David Szanto is a teacher, consultant, and artist taking an experimental approach to gastronomy and food systems. Past projects include meal performances about urban foodscapes, immersive sensory installations, and interventions involving food, microbes, humans, and digital technology. David has taught at several universities in Canada and Europe and has written extensively on food, art, and performance.
This is (not) a food system: What visualizations do (and don’t)
What is a food system? Many definitions exist, including this one drafted by the Scientific Group of the 2021 UN Food Systems Summit:
Food systems encompass the entire range of actors and their interlinked value-adding activities involved in the production, aggregation, processing, distribution, consumption and disposal of food products that originate from agriculture, forestry or fisheries, and food industries, and the broader economic, societal and natural environments in which they are embedded. (von Braun et al., 2020)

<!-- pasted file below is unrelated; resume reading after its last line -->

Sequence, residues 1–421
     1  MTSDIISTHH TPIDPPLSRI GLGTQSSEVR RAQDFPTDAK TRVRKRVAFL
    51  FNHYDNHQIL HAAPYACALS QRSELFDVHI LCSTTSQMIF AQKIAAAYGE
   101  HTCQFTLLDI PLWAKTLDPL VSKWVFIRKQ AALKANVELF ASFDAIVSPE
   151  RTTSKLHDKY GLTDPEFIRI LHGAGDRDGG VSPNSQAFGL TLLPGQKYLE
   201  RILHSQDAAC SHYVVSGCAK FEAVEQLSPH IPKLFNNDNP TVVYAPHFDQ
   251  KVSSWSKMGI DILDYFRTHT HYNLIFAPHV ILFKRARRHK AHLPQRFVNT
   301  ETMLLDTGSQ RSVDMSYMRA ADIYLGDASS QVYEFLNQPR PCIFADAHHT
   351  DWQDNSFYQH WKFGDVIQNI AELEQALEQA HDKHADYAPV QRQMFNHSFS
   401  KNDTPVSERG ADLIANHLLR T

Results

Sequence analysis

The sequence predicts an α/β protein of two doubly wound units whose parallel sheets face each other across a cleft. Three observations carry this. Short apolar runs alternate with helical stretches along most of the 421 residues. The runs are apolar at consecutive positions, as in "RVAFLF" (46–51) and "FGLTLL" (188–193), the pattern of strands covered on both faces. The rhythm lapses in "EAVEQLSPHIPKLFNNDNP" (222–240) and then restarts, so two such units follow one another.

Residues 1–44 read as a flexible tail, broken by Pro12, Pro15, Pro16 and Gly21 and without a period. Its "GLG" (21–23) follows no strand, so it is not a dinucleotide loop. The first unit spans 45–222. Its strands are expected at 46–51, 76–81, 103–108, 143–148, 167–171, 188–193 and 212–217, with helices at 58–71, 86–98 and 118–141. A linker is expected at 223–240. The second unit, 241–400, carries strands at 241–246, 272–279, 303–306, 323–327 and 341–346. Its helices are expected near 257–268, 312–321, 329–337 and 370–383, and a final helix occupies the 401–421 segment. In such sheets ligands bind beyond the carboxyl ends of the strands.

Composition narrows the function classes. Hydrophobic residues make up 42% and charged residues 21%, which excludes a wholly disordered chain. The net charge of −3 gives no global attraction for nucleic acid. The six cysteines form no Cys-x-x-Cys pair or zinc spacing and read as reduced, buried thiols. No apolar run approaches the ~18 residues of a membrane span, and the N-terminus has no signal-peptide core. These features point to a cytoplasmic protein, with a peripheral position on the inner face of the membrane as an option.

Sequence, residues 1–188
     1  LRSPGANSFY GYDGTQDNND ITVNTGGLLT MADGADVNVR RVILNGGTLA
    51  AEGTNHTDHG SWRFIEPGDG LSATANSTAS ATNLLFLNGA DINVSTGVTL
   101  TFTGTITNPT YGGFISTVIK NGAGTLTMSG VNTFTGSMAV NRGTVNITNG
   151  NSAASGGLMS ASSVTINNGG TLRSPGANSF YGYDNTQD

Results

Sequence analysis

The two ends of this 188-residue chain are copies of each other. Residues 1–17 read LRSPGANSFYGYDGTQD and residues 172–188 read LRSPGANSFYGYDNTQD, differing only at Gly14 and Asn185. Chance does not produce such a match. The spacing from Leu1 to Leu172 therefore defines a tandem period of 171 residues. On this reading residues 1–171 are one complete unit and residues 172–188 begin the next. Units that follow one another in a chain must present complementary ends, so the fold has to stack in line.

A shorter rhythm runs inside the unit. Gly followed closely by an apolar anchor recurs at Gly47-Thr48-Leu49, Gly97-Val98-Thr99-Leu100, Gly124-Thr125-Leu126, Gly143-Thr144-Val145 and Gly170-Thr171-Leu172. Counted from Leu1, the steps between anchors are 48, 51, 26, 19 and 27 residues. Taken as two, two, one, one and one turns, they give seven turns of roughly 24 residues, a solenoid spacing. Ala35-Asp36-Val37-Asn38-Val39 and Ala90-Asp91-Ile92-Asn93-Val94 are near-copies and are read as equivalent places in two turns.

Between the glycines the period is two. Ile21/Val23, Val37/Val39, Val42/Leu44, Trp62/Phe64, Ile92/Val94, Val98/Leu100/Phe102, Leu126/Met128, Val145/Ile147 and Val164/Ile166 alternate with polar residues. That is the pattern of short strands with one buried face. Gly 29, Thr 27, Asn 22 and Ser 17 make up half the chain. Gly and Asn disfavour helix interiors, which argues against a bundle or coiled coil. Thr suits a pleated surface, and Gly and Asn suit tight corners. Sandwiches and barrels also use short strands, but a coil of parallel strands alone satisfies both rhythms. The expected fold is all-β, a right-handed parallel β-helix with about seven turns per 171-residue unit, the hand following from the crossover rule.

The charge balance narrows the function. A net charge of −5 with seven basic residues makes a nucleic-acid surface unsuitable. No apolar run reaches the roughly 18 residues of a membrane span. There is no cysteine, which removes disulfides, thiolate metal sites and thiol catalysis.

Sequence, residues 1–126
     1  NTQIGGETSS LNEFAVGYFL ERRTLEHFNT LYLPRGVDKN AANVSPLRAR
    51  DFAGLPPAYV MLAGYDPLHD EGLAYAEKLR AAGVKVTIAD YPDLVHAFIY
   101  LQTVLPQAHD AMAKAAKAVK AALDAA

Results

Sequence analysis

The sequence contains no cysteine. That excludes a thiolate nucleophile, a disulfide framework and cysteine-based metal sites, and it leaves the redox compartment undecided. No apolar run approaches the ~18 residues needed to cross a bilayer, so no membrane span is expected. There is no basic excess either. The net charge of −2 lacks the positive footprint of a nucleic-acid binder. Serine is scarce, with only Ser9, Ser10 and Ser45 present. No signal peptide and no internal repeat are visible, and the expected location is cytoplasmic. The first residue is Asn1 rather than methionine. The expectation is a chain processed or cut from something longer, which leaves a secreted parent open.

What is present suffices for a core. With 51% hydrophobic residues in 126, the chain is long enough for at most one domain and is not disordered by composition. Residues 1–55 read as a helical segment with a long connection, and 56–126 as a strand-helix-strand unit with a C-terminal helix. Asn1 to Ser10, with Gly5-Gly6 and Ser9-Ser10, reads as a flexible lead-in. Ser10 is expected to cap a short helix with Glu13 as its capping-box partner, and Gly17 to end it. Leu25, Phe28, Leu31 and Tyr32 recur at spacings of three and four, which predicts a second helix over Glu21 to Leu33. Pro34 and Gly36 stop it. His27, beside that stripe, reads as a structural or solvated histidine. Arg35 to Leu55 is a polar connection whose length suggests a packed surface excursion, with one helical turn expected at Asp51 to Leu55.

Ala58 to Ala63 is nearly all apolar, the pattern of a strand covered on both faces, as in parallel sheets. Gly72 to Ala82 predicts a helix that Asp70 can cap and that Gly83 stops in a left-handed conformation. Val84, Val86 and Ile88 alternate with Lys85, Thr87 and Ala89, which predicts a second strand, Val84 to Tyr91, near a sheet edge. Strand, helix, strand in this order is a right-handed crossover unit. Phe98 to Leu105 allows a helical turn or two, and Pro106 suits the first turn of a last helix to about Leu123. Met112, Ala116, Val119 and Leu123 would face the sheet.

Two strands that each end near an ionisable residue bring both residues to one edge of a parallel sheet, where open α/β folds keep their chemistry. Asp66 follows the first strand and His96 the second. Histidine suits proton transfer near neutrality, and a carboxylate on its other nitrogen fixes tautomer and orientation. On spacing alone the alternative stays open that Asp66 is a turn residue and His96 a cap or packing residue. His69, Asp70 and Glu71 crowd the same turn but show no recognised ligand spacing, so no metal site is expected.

Definitions like this can make complex concepts relatively simple to apprehend, which in turn can be useful in learning contexts. At the same time, definitions that only use words can tend to make it seem that such concepts can be understood simply, or that there is only one way to understand them. Yet concepts such as food systems are necessarily complex, which means that they can and should be understood in many ways. Moreover, creating stable definitions of complex concepts often ignores what makes them interesting and unpredictable. One way to (partially) understand complexity is through the creation of visualizations.